Adam’s Dad

My name is Adam and I am 11 years old. I also have a brother Ian, who is 13 and an older sister named Karen. My Dad got ALS four years ago and now he is in a wheelchair and he can hardly talk at all.

The school that I go to and I, want to raise money for research to find a cure for my Dad. We used to do so much stuff together. I can’t remember very well when he could walk or use his hands.

We used to play road hockey together, but now he can only be the goalie in his wheelchair. Please help me to find a cure. Maybe if I could get enough money then the doctors could fix Dad so we could do everything together again.

The ALS Society asked if I could tell the world one thing about ALS what would it be. It is hard to say one thing because there is so much. There is so much that I want to tell people, so if I can only say one thing I am not sure what it would be but I’ll try.

ALS means amyotrophic lateral sclerosis, but to me it can mean something else as [...] continue the story

CdLS Story – Zackery

At the routine 20 week ultrasound, my son Zackery, was not cooperating so they ordered one for the 28th week. The doctor came in and said that the right arm looked like it was winged and that we needed to go for a 4D ultrasound. At 31 weeks we had it done and found out that not only was his right arm was not normal, but he also had heart problems and was small in size. There was also a blockage in the umbilical cord. We started going for ultrasounds twice a week to check the umbilical cord, and started doing any test we could to see what syndrome he had. All the test come back normal.

But at an ultrasound at the 36th week, we found out that there was barely any flow through the umbilical cord, so they sent me straight to the hospital so they could induce. Zackery was born September 28th. He sounded like a kitten meowing when he cried and he had a head full of hair. He was only 3 lbs 15 oz. They took him to up to NICU for evaluation. Later that day the geneticist came into my hospital room and said [...] continue the story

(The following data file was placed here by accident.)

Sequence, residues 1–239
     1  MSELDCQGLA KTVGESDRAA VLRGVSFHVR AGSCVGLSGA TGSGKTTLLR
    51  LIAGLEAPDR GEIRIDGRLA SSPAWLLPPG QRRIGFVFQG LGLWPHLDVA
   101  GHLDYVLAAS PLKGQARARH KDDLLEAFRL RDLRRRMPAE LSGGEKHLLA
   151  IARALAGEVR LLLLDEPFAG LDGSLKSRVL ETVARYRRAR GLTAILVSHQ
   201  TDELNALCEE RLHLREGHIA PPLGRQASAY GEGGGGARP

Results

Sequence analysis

We Pray for the Day the Government Will Get Involved

By: Elizabeth Ragui, Kenya

I was diagnosed with breast cancer in July of 2004. This experience changed my life. After completing my treatments, I wanted to know more about cancer so I could tell others about prevention, detection and treatment. Although I was not illiterate, I did not know and had not done very much in regard to Self Breast Examination. Therefore, I decided to use my experience to educate the public-especially women-about breast cancer. Within a year, I was trained by Reach to Recovery International (RRI) as a volunteer in breast cancer support. This enhanced my skills and was an eye opener on how much I could do for those affected. I helped them to live a quality life by accepting their new status, overcoming the challenge and regaining self esteem. Breast cancer support was not enough. I wanted to educate the general public about this issue. In a culture where cancer is associated with witchcraft, I set forth to demystify the disease through cancer awareness. It soon occurred to me to address other types of cancer, especially cervical and prostate. Along with other breast cancer survivors, I registered Reach to Recovery Kenya which is affiliated with RRI [...] continue the story